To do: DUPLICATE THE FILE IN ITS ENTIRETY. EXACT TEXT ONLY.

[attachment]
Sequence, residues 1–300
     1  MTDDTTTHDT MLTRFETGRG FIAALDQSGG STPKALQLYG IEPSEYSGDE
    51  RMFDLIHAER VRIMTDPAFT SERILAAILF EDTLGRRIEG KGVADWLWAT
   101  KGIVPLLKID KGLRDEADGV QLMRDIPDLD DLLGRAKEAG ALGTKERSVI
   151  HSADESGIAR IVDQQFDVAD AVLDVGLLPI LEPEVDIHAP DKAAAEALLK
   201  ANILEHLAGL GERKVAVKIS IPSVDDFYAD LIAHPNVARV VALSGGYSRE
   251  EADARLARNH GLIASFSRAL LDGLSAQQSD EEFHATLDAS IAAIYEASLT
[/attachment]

Sequence, residues 1–300
     1  MTDDTTTHDT MLTRFETGRG FIAALDQSGG STPKALQLYG IEPSEYSGDE
    51  RMFDLIHAER VRIMTDPAFT SERILAAILF EDTLGRRIEG KGVADWLWAT
   101  KGIVPLLKID KGLRDEADGV QLMRDIPDLD DLLGRAKEAG ALGTKERSVI
   151  HSADESGIAR IVDQQFDVAD AVLDVGLLPI LEPEVDIHAP DKAAAEALLK
   201  ANILEHLAGL GERKVAVKIS IPSVDDFYAD LIAHPNVARV VALSGGYSRE
   251  EADARLARNH GLIASFSRAL LDGLSAQQSD EEFHATLDAS IAAIYEASLT